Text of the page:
Auto Focus: Laboring in the shadow

Not all lives fit neatly into the TV Biography format. The exceptions are the stuff movie biographies like Auto Focus are made of. Don't ask me to name three. The closest comparison I can think of is the far superior All That Jazz, in which Bob Fosse told his own story (lightly fictionalized with the names changed) with more music and pizzazz and less nudity and explicit sex. But Auto Focus is the story of Bob Crane, best remembered for Hogan's Heroes, the CBS sitcom he starred in from 1965 to 1971. OK, he's only remembered for that unless you read about his 1978 murder.

Greg Kinnear, who already has an Academy Award nomination to his credit for As Good as It Gets, tries to shake his nice guy image by playing Crane, "a likable guy" with a dark side. The agent who warned him not to work with children or animals should have added Willem Dafoe to the list.

Dafoe plays John Carpenter (not the filmmaker), Crane's best friend, and mops the screen with Kinnear in all of their many scenes together. After a clever, lounge-y, '50s-style title sequence to a Buster Poindexter song, we meet Crane, a Los Angeles radio announcer who's been happily married to Anne (Rita Wilson) for 15 years. His hobbies are drumming and photography, and Anne finds a stash of magazines of "photo studies" in his darkroom.

Bob wants to make feature films but likes the script his agent (Ron Leibman) offers him for a TV series "set in a German prison camp." It makes him a star but doesn't change his life as much as meeting Carpenter, who introduces him to the latest electronics, including a "VTR - Video Tape Recorder."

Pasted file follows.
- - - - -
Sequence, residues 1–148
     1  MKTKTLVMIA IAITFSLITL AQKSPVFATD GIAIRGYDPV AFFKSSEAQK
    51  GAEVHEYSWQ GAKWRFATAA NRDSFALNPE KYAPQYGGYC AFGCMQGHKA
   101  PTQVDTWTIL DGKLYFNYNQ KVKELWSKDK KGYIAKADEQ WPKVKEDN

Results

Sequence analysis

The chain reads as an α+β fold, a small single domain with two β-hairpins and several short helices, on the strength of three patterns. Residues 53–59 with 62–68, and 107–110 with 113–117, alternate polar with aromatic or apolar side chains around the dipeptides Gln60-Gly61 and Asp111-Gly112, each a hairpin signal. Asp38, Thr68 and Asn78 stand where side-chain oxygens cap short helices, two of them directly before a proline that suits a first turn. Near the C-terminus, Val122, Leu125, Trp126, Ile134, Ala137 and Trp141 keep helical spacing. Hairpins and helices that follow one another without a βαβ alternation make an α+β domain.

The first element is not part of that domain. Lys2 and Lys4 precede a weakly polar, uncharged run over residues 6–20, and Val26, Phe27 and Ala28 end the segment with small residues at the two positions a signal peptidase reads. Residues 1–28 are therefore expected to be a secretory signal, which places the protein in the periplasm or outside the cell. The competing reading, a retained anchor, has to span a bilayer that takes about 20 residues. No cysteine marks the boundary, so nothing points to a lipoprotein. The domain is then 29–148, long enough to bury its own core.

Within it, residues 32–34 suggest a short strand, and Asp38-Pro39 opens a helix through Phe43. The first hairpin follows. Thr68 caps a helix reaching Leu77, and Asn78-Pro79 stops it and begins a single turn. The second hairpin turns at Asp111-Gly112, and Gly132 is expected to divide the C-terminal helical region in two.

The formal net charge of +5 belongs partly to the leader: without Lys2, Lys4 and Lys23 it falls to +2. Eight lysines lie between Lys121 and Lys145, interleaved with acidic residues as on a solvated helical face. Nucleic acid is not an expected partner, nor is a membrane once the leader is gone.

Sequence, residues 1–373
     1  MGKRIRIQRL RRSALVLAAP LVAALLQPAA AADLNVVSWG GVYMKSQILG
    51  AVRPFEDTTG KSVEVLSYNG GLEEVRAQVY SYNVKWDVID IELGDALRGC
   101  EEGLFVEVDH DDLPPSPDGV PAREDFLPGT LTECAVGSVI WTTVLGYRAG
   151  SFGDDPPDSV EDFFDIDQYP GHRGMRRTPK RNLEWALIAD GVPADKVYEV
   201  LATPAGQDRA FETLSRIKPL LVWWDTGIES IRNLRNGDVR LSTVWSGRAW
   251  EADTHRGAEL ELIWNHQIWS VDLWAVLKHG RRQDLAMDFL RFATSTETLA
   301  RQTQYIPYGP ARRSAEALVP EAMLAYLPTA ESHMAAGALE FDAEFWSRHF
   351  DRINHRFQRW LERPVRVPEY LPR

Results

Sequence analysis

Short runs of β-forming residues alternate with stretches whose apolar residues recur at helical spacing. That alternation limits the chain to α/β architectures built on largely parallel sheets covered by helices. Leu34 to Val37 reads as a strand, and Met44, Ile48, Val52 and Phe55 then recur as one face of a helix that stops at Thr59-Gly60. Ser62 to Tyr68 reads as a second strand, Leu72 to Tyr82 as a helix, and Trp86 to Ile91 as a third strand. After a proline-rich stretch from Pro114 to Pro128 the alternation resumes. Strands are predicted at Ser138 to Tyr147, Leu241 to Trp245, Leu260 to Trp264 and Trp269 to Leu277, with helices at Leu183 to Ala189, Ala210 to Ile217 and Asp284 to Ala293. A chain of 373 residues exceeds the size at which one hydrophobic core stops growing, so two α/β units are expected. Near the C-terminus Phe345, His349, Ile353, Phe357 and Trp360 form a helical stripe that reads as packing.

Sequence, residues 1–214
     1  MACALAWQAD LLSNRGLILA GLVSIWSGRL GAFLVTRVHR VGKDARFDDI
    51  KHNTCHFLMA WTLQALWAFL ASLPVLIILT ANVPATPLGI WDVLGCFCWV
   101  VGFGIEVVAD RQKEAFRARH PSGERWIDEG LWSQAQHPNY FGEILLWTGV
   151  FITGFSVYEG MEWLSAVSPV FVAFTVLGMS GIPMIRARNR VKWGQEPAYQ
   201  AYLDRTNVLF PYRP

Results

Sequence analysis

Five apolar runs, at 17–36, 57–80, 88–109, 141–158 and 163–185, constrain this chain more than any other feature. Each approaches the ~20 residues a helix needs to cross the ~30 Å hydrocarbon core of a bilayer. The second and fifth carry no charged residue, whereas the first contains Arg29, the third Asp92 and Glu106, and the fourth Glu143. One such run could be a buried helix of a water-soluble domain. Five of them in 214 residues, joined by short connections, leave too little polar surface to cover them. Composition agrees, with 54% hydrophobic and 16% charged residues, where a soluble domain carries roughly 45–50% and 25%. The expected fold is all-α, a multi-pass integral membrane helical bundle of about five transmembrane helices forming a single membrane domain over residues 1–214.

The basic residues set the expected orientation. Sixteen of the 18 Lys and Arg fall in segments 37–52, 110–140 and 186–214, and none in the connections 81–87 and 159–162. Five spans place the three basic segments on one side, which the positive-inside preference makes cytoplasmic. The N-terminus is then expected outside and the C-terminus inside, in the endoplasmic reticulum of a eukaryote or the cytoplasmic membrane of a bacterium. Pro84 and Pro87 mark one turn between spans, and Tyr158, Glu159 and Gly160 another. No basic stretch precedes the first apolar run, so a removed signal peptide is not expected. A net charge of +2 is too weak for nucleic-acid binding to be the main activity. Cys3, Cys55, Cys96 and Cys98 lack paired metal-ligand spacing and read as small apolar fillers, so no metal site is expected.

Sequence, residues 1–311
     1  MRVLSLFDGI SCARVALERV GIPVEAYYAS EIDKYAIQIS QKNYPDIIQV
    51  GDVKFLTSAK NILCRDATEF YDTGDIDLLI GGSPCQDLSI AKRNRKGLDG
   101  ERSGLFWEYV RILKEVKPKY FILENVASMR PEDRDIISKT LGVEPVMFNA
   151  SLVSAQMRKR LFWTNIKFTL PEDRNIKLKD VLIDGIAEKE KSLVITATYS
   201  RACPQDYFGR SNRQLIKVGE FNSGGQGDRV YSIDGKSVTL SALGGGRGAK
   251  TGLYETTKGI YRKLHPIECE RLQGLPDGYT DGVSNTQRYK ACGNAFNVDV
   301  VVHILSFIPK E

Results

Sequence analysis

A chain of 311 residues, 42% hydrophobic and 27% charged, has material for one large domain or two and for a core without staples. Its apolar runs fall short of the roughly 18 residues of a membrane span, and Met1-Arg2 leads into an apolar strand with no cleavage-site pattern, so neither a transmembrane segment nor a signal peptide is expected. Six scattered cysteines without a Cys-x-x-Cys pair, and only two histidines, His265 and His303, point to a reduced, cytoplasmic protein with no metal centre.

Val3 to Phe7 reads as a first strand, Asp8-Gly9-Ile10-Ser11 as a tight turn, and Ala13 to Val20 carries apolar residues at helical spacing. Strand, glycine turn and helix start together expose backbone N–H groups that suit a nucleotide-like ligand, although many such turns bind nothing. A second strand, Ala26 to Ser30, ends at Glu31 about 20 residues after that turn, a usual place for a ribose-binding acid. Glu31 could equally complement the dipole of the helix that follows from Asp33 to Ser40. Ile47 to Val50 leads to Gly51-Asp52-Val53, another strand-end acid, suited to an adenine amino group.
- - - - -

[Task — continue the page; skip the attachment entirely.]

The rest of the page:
John also starts Bob going to strip clubs after work, where Bob enjoys himself because they let him play drums with the band. From there, it's a natural progression to start bringing women to Carpenter's bachelor pad. John surprises Bob by videotaping some of the action, and Bob loves it!

It's hard to say when a hobby becomes a habit, but Bob's days of being a "one-woman man" are behind him. He tells Patricia (Maria Bello, one of my favorite underused actresses), a second-season replacement as the woman who says, "Commandant, Col. Hogan to see you," "I dream about finding someone who gets me, who I am"; she tells him he's found her. So he trades Anne for Patti.

The post-Hogan years are frustrating for Crane, career-wise. Rumors about his private life make it hard for him to find work other than touring in dinner theaters. He tries more than once to change his luck by dumping Carpenter, and this eventually leads to his death. Although Carpenter, now dead, was never convicted of Crane's murder in court, no one who sees this film will have any doubt about his guilt.

Nor will they doubt that Crane led a wild, strange life, even if the movie only scratches the surface of it. The numerous sex scenes push the boundaries of the R rating, even if they suggest more than they actually show. "A day without sex is a day wasted," Crane and Carpenter chant like a mantra.

Director Paul Schrader is often heavy-handed, but in this case he may have treated his subject too lightly. "A hilarious romp about a man who betrayed two wives and was murdered by his best friend" sounds as marketable as "a jolly comedy about the good times in a Nazi POW camp."

Bob Crane Jr., Bob's son with Anne, cooperated with the filmmakers, perhaps in hopes of making his "Daddy Dearest." Scott, his son by Patti, reportedly did not cooperate and has dissed the finished product.

Auto Focus is hardly an American tragedy. We're left with the feeling that Bob Crane was a mediocre talent (who got lucky) and a mediocre human being (who got unlucky). Kinnear's performance probably captures him as well as anyone could, but it's hard to appreciate him when he's acting in Dafoe's shadow for most of the picture.